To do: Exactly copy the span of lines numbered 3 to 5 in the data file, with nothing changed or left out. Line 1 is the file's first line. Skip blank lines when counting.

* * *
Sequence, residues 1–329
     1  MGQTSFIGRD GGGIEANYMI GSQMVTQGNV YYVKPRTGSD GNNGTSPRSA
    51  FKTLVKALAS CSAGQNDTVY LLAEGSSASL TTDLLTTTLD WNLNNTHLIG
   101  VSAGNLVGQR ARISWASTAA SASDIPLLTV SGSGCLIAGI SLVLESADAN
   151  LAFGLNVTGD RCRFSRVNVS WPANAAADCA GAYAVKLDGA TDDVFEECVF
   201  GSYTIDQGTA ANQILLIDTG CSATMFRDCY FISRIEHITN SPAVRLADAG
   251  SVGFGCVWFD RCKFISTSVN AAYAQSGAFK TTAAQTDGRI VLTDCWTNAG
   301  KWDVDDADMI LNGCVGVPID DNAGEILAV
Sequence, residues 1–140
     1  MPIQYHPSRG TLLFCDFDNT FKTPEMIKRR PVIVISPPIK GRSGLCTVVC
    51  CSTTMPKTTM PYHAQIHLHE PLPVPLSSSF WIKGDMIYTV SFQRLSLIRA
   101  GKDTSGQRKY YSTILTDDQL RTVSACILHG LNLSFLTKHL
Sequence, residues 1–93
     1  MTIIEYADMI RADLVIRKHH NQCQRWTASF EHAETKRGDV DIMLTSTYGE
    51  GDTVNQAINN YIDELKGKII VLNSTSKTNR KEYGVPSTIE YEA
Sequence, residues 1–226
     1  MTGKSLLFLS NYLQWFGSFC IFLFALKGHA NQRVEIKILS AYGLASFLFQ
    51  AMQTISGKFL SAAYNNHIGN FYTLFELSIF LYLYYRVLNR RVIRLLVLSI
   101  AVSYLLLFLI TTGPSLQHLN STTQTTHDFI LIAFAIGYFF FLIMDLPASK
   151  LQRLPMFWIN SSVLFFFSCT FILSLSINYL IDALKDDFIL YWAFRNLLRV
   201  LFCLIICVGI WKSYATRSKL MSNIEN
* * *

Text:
    51  FKTLVKALAS CSAGQNDTVY LLAEGSSASL TTDLLTTTLD WNLNNTHLIG
   101  VSAGNLVGQR ARISWASTAA SASDIPLLTV SGSGCLIAGI SLVLESADAN
   151  LAFGLNVTGD RCRFSRVNVS WPANAAADCA GAYAVKLDGA TDDVFEECVF